eukaryote

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Proterozoic Eon – eukaryotes to worms

By |2018-04-21T11:56:39+00:00June 24th, 2017|Biology, Geology|

Two and a half billion years ago, the Archaean Eon ended and the Proterozoic Eon began. Trillions of prokaryote cells lived in Earth's oceans. Some of these cells could photosynthesize their energy from sunlight, water, and carbon dioxide. These photosynthesizing cells pooped out a lot of oxygen. By about 2.3 billion years ago, the iron [...]

How do eukaryote cells move? Cell biology

By |2017-05-29T10:30:48+00:00May 29th, 2017|Biology|

Human sperm cells with flagella (under a microscope) About two billion years ago, the first eukaryote cells evolved from the earlier prokaryote cells. These eukaryote cells also evolved a new way to move themselves around. Even though some eukaryote cells have flagella that look like the ones in prokaryote cells, they don't work the same [...]

What is RNA? Cell biology and evolution

By |2018-04-16T00:39:56+00:00May 29th, 2017|Biology|

RNA molecule: A single strand of RNA, seen under an electron microscope The RNA molecule was probably one of the earliest steps towards life on Earth. RNA is short for "ribonucleic acid". That's a very long, complicated molecule made out of amino acids linked together. The amino acids are made out of atoms of [...]

What is photosynthesis? Plant Biology

By |2018-04-16T00:37:36+00:00May 29th, 2017|Biology|

Chloroplasts (seen through a microscope) Photosynthesis is the way some cells on Earth pull in light from the sun and use it to make energy to repair and reproduce themselves. The first cells could not photosynthesize (foe-toe-SIN-the-size). They got food by breaking apart hydrocarbon molecules. But a little more than three billion years ago, [...]

What is a nucleus – Parts of a cell – Biology

By |2017-05-29T00:35:47+00:00May 29th, 2017|Biology|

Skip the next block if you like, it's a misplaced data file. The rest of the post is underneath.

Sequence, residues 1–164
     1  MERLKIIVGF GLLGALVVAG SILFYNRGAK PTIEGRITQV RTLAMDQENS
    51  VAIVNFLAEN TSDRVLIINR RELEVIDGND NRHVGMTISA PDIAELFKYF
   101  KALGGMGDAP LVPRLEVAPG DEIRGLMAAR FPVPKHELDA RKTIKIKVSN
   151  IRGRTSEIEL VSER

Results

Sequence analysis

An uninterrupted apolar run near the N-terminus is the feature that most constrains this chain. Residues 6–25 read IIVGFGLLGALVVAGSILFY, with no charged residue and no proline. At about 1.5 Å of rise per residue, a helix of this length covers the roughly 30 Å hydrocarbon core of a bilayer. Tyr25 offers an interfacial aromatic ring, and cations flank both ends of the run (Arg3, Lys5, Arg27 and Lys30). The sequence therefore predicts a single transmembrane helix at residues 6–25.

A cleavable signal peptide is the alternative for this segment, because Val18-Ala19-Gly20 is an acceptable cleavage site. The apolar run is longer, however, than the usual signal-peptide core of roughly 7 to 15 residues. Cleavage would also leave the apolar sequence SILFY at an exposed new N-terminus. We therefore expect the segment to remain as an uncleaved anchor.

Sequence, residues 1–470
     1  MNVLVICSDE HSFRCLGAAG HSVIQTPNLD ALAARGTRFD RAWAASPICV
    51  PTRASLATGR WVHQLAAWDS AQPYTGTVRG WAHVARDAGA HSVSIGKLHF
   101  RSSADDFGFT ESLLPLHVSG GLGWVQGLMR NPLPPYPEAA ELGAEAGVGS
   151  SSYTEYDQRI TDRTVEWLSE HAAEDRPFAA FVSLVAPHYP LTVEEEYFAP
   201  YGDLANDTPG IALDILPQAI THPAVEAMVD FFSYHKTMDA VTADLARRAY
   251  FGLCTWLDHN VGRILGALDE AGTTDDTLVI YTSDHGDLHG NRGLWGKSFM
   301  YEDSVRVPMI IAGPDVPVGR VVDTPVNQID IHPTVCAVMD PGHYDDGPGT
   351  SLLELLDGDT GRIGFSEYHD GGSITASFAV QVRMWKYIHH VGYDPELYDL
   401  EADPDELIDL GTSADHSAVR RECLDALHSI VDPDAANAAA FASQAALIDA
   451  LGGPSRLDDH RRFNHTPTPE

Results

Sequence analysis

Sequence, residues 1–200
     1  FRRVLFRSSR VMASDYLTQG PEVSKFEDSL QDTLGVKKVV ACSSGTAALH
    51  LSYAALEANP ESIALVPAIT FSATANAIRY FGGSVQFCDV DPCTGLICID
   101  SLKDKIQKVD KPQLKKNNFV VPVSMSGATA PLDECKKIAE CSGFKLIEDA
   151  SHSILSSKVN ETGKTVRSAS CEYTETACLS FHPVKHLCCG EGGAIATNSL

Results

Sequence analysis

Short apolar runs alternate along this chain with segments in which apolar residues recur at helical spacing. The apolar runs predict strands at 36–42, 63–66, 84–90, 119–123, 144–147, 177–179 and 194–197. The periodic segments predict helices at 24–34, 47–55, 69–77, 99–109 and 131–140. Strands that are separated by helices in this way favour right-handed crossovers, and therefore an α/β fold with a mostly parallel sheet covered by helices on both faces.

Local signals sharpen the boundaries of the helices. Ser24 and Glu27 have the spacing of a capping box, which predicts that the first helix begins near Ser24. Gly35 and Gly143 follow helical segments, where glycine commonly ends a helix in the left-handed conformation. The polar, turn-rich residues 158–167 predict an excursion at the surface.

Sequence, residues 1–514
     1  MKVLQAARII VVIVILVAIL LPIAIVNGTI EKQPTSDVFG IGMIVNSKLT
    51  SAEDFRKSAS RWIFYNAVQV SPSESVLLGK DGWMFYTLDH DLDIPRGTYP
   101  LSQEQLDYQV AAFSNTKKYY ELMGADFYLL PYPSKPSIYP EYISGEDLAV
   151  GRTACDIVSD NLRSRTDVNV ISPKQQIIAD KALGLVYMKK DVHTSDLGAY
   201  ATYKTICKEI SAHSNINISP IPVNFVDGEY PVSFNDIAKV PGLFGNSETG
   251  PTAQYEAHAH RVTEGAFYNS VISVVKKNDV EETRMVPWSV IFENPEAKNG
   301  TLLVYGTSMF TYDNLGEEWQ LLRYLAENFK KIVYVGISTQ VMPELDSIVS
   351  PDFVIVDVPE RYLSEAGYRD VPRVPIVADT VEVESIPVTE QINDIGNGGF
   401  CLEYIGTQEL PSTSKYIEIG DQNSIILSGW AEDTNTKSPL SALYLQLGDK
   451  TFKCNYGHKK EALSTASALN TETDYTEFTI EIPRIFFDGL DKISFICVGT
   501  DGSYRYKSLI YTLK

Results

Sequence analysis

An onion skin cell (seen through a microscope) You can see the nucleus inside each cell The earliest cells, and all prokaryote cells, don't have a nucleus. Inside these simple cells, the DNA molecules just float around in the cytoplasm. This is a nice simple arrangement, but it's risky - the DNA often [...]

What are mitochondria? Parts of a cell – Biology

By |2017-05-29T00:26:07+00:00May 29th, 2017|Biology|

A mitochondrion (seen through a microscope) About two billion years ago, in the Proterozoic, there were only prokaryotic cells on Earth. Mitochondria probably started out as independent cells that were especially good at digesting food. These cells were extra good at digesting because they had evolved to have two membranes. The inside membrane, [...]

What are lysosomes? Parts of a cell – Biology

By |2018-04-15T17:01:41+00:00May 28th, 2017|Biology|

Lysosomes (under an electron microscope) Prokaryote cells don't have lysosomes, so the first lysosomes probably evolved about the same time as the other pieces of eukaryote cells. That was about two billion years ago. Like the vacuoles and the Golgi bodies and the other parts of a cell, lysosomes (LIE-sew-somes (like HOMES)) are [...]

How did cells evolve? Cell biology and evolution

By |2018-04-16T00:35:42+00:00May 28th, 2017|Biology|

One cell of a plant (magnified 22,500 times) Thanks to Ohio State University A cell is the smallest living thing (unless you count viruses), and all bigger living things are made of cells. Both plants and animals are made of cells. We don't know yet whether there are cells on any other planet [...]

How do cells get rid of waste? Excretion and cell biology

By |2017-12-26T16:46:37+00:00May 28th, 2017|Biology|

Cell waste: A cell with a vacuole Cell waste and vacuoles Soon after eukaryote cells began to make vacuoles to help them catch their food and store it, about 600 million years ago, the cells also began to use the vacuoles to get rid of garbage in the cell - molecules that the [...]